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Please use this identifier to cite or link to this item: http://hdl.handle.net/10204/2542

Title: Selective solar absorbers: A cost effective solution for access to clean energy in rural Africa
Authors: Katumba, G
Olumekor, L
Forbes, A
Keywords: Selective solar absorbers
Renewable energy resources
Sustainable energy resources
Electricity infrastructure
Rural communities
Solar energy technologies
Issue Date: Nov-2008
Citation: Katumba, G, Olumekor, L and Forbes, A. 2008. Selective solar absorbers: A cost effective solution for access to clean energy in rural Africa. Science real and relevant: 2nd CSIR Biennial Conference, CSIR International Convention Centre Pretoria, 17&18 November 2008, pp 9
Abstract: In this present era of global energy crisis there is a greater need to turn to renewable, cost effective and sustainable energy resources. In rural Africa, in particular, the demand for domestic energy is even higher. This is exacerbated by inadequate grid electricity infrastructure. This state of affairs has culminated in massive deforestation and desertification of some parts of Africa. One technology solution is to harness the energy from the sun through solar absorbers. This has applications in domestic heating – such as heating water (solar geysers) and cooking food. Early solar energy technologies were not readily accepted in Africa because of high initial investment cost and low efficiency, particularly so for the less affluent rural populace. Presently, there is a re–look into the solar energy technologies with emphasis on cost effectiveness and sustainability. In this paper we present new results on a novel selective solar absorber material. Laboratory tests show that it is about 30% more efficient than the best alternative on the market. Our novel selective solar absorber material comprises carbon nanoparticles embedded in a NiO matrix on an aluminium substrate. It shows enhanced solar radiation absorptance and low thermal emittance properties. The sol-gel recipe that is used to manufacture the material has additional advantages of being environmentally friendly and of having a low production cost. We report on a planned prototype development programme to take the laboratory solution into the field, and highlight the likely impact this will have on rural communities. The low cost aspect of this novel solution makes it particularly suitable for the African continent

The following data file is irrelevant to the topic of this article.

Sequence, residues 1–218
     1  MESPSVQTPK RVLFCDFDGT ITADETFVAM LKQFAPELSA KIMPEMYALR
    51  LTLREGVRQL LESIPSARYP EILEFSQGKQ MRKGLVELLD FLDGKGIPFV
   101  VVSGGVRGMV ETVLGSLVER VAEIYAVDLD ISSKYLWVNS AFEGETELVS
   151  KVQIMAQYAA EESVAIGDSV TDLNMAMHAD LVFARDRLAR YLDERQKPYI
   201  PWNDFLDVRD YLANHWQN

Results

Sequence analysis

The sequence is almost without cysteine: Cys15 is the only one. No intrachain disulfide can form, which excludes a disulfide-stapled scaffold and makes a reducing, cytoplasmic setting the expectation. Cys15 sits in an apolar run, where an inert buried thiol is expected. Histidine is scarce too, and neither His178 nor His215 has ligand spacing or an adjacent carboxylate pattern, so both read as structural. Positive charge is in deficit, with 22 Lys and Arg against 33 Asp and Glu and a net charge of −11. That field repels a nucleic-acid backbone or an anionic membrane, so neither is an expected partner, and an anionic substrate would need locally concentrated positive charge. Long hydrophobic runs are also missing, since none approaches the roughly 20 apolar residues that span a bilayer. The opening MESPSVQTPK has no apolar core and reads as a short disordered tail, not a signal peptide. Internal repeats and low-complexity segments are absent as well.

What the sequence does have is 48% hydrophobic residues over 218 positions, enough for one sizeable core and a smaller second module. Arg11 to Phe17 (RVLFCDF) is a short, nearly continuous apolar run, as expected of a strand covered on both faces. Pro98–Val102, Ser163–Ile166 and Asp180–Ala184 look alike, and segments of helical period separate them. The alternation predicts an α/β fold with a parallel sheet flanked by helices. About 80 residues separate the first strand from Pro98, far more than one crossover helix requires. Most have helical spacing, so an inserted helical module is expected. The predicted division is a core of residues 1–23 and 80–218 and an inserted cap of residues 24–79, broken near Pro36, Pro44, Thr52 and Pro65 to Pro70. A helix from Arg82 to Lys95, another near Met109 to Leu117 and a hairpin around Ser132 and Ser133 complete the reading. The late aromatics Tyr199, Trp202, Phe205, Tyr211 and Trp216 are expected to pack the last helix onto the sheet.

Description: Science real and relevant: 2nd CSIR Biennial Conference, CSIR International Convention Centre Pretoria, 17&18 November 2008
URI: http://hdl.handle.net/10204/2542
Appears in Collections:CSIR Conference 2008

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